United States: New Proposed Federal And New York State Cybersecurity And Data Privacy Initiatives

Last year proved to be full of unprecedented challenges to the cybersecurity infrastructure of the U.S. economy. Security breaches at Sony Pictures, Target, Apple, JPMorgan, and Home Depot have featured prominently in the news cycle over the past year and highlighted the many risks faced by public companies and their board members. Indeed, the National Association of Corporate Directors has listed cybersecurity as one of the three critical challenges for public company directors in 2015, and not without good reason. Beyond the reputational harm that these breaches may cause, they inflict significant economic costs. The full costs of a breach often extend long beyond the breach itself, as companies like Target and Sony face class action suits in the aftermath of their attacks.

To combat growing cybersecurity threats, the Obama administration and the New York attorney general have recently presented several legislative proposals. Given the bipartisan support for protecting individuals, companies, and government entities against cyber-attacks, new cybersecurity and data privacy legislation in some form appears to have a good chance of passage. We summarize notable recent initiatives here.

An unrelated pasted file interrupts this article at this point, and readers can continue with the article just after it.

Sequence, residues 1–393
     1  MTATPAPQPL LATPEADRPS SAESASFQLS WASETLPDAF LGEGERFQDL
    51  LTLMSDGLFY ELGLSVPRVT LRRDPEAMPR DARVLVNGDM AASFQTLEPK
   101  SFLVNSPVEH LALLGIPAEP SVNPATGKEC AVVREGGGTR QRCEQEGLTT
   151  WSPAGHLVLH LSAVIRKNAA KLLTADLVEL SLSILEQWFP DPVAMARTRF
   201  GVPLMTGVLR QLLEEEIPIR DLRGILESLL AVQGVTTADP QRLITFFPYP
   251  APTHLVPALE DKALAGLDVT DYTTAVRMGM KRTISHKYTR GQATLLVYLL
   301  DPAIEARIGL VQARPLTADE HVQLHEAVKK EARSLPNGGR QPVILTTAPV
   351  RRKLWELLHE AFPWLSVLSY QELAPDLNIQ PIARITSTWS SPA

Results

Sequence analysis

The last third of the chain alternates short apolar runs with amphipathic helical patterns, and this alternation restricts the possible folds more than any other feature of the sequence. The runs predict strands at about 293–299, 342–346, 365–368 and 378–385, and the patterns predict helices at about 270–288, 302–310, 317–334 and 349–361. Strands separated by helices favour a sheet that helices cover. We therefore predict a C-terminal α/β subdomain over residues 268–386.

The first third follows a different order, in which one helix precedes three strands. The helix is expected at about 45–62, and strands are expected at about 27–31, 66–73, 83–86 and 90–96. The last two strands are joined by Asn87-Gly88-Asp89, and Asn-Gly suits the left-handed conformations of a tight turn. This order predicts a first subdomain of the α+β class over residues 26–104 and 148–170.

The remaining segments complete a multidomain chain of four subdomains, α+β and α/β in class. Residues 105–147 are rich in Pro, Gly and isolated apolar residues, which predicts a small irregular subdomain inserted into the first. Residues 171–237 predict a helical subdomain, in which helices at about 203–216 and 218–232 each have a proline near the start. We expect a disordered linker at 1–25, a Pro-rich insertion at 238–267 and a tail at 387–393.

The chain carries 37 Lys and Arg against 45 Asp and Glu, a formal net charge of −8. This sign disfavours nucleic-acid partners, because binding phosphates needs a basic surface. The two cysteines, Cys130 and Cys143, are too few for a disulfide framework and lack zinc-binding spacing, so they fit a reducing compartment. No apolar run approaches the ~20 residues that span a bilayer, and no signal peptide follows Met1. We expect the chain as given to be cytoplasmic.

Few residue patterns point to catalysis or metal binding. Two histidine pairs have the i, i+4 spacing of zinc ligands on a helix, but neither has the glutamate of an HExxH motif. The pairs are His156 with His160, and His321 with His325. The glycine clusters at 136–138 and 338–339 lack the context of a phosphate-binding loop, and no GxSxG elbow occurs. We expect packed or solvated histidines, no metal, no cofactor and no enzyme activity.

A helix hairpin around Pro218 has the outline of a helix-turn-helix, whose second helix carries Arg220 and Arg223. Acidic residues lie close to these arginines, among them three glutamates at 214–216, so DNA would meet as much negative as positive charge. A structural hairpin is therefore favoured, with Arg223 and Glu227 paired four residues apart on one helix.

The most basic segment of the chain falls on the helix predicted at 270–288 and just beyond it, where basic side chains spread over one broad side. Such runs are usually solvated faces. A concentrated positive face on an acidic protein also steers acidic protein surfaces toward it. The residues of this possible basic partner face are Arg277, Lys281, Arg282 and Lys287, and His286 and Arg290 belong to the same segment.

The Obama Administration's Proposed Cybersecurity Legislation

On January 12, in a speech at the Federal Trade Commission in Washington, President Obama outlined the new cybersecurity legislation he will propose. The president noted that nearly every state has a unique data breach notification law, making it confusing and costly for companies to notify customers of data breaches. The president plans to introduce a bill, called the Personal Data Notification & Protection Act, that will create a "single, strong national standard" requiring companies to notify consumers within thirty days of a data breach. The president also said that he would introduce legislation to "close loopholes in the law so we can go after more criminals who steal and sell the identities of Americans - even when they do it overseas."

In conjunction with President Obama's January 12 speech and this week's State of the Union address, the White House released three legislative proposals. One proposal would establish a national standard for data breach notification. Business entities that discover security breaches affecting "sensitive personally identifiable information" would have thirty days to notify customers, barring certain exceptions (for instance, notification would be delayed if it would impede a criminal investigation or damage national security). For large-scale data breaches and breaches involving federal government databases or employees, business entities would be required to notify the Department of Homeland Security (DHS). In turn, the DHS would notify appropriate federal agencies. Notably, as proposed, the bill would preempt the incongruent collection of state data breach notification laws.